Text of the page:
5. Unrelated to the thread:

    I have noticed that

    a) SPAM volumes have dropped in my regular email, perhaps thanks to the arrest of that Russian kingpin the other day, but

    b) that comment SPAM here on WordPress has shot through the roof during that very same time period. My WordPress spam filter had hundreds of spam comments in it when I checked just now, after being offline for a few days. A couple of real comments were unfortunately caught in there with the Viagra and mortgages…

    Anybody else noticed that? Perhaps the spammers have diverted from the old medium to the newer ones.

  6. Here’s an example of what I alluded to in my previous comment. It’s from *this piece* from today’s Guardian (UK).

    “It’s been one long job of explaining, illustrating, discussing and suggesting but at the heart of it is a longing to educate”.

    Note that there was no comma after “suggesting”.

    I, of course, do realise that “explaining”, illustrating”, “discussing” and “suggesting” are not proper nouns. But I think the same punctuation rules would apply to them (verbs) as a listing, as the rules would apply to proper nouns as a listing.

    If any of you feel that the Guardian was wrong in approving this piece as punctuated, then you owe it to English-language lovers everywhere, and especially to Guardian readers, to e-mail the Guardian’s copy-editor forthwith, to apprise him of this punctuation error in the above-mentioned piece.

    • We know you’re an internationalist, but this is America. From the Chicago Manual of Style:

      When a conjunction joins the last two elements in a series, a comma—known as the serial or series comma or the Oxford comma—should appear before the conjunction. Chicago strongly recommends this widely practiced usage, blessed by Fowler and other authorities, since it prevents ambiguity.

      If you feel that the editors of the Chicago Manual of Style were wrong in approving this passage in their Manual, then you owe it to English-language lovers everywhere, and especially to Chicago Manual of Style adherents, to e-mail the Chicago Manual of Style’s copy-editor forthwith, to apprise him of the misguided recommendation in the above-mentioned piece.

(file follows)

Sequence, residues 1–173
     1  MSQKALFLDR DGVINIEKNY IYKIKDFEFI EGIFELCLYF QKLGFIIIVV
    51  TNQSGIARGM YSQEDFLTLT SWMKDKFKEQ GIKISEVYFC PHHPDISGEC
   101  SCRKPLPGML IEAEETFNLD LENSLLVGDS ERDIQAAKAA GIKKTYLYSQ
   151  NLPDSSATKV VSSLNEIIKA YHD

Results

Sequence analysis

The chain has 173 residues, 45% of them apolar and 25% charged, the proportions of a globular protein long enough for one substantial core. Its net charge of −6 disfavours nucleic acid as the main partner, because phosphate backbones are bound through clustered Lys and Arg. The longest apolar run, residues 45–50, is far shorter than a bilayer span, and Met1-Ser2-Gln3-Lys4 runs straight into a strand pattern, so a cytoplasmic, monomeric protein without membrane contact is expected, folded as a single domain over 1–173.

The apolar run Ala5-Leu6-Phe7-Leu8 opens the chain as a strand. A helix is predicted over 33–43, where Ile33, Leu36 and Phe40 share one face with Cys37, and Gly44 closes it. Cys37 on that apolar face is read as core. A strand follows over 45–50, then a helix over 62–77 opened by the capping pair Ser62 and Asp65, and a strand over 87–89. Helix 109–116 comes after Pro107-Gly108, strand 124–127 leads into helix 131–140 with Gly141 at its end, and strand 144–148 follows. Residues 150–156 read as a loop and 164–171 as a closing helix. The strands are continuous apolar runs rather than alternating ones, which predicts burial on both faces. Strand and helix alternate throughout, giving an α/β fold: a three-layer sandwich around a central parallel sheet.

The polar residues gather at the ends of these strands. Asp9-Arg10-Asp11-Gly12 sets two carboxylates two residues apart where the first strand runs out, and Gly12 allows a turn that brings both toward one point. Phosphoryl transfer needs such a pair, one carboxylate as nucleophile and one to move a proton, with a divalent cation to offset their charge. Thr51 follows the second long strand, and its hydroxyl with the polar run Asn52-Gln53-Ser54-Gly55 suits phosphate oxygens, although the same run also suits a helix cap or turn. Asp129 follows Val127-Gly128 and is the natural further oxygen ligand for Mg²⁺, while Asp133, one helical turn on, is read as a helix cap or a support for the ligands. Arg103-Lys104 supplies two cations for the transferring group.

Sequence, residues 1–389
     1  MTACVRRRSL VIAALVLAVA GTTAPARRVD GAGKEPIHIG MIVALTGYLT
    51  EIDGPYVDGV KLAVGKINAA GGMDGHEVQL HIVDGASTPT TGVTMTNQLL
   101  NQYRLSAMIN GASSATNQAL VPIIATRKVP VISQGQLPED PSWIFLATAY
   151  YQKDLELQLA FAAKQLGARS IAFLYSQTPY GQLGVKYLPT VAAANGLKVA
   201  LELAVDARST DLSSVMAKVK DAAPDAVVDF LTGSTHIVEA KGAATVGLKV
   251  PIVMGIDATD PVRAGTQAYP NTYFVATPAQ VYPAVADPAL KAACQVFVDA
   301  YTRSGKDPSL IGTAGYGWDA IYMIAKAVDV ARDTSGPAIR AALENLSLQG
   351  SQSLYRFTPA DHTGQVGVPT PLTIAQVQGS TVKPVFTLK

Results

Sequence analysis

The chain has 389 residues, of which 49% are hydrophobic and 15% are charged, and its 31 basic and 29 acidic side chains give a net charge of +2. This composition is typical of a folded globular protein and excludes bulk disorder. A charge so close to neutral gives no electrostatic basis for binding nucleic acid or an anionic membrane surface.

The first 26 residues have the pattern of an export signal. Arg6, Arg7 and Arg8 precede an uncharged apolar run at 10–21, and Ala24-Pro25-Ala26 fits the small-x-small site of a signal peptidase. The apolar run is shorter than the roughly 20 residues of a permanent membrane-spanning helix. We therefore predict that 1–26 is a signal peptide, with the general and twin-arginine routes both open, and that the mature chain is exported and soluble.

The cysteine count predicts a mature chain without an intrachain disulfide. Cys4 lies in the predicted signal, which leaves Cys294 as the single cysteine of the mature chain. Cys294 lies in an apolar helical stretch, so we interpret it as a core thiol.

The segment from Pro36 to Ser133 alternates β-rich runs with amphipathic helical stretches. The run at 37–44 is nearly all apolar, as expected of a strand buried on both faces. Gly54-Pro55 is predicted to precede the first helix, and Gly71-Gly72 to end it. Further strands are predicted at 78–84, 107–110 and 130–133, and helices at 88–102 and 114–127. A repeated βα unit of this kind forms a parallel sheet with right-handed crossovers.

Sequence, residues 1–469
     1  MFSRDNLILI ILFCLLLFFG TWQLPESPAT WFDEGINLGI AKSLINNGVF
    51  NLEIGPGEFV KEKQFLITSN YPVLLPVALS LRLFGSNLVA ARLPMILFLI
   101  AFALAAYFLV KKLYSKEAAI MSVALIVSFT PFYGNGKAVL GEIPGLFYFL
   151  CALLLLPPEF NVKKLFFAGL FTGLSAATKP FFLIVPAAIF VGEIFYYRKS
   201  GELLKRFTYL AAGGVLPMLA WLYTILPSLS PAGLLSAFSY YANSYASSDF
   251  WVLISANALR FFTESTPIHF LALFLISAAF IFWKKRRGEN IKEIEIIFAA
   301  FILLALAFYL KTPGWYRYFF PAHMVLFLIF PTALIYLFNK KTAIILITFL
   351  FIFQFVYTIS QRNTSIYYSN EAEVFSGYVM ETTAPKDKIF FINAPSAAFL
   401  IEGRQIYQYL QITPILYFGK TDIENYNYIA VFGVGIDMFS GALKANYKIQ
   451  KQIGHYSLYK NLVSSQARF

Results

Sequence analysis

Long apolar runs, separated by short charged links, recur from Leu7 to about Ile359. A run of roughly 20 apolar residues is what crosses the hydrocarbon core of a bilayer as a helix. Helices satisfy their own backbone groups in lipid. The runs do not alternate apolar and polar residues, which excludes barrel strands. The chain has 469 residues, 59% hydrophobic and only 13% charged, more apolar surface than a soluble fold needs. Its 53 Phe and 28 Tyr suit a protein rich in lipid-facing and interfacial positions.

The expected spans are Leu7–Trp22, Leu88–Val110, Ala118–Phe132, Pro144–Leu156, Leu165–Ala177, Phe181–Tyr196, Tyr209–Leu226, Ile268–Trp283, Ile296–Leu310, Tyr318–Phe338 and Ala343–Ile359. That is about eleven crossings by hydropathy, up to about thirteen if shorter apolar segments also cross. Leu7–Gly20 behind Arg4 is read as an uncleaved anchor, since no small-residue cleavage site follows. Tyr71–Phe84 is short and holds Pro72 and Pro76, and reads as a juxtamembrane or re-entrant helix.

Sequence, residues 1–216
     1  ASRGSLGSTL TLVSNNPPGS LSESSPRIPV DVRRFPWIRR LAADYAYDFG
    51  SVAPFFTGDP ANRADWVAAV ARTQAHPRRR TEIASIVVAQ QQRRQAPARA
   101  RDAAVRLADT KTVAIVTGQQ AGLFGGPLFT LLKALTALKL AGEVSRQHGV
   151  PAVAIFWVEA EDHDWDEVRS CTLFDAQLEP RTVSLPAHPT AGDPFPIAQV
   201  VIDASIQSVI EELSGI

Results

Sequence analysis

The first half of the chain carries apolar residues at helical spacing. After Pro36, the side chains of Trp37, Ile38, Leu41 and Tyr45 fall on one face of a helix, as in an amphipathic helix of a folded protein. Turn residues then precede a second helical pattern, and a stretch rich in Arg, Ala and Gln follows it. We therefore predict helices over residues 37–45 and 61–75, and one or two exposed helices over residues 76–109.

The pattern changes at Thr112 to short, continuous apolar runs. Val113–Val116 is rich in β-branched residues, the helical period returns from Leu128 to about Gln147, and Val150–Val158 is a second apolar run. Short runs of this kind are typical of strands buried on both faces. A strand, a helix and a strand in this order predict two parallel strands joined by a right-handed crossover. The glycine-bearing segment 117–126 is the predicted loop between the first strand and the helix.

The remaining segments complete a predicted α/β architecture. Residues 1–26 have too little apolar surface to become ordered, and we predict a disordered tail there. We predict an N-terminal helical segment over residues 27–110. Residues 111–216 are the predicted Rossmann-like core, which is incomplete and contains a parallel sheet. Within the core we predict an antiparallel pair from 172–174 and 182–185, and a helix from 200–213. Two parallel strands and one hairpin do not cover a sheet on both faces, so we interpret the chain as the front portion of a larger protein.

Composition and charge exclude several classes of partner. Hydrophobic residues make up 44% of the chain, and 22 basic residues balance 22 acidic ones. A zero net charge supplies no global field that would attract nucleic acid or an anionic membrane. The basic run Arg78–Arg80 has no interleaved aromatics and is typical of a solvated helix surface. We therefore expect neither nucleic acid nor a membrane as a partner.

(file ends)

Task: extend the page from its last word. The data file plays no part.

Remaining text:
In addition, here’s a screenshot ofBill Cosby’s latest Facebook status update from about 15 minutes ago.


    • “….this is America…..”

      Sadly it is.

      Even the lands outside America are now America, as the unfortunate owner of Wikileaks is now discovering.

    • Philippe, so… should we all spell color as colour and honor as honour (as the Guardian does)?

      I am not sad that this is America nor am I unwilling to be corrected but I am unhappy that someone wishes to impose the wishes and habits of an old colonial empire on me and denigrate my country in the process.

      Just because a newspaper does it one way does not make it correct. As my reference clearly stated.

    • To be fair, the AP Stylebook says: not put a comma before the conjunction in a simple series: The flag is red, white and blue. He would nominate Tom, Dick or Harry.”

      So this isn’t just an old colonial empire talking. As is the case in many other issues, the United States aren’t as united as the name suggests.

    • “…..the United States aren’t as united as the name suggests…….”

      The United States “aren’t“?

      These United States “aren’t”, I can understand. But the United States “aren’t”?

      I’ll have to check this with the Guardian.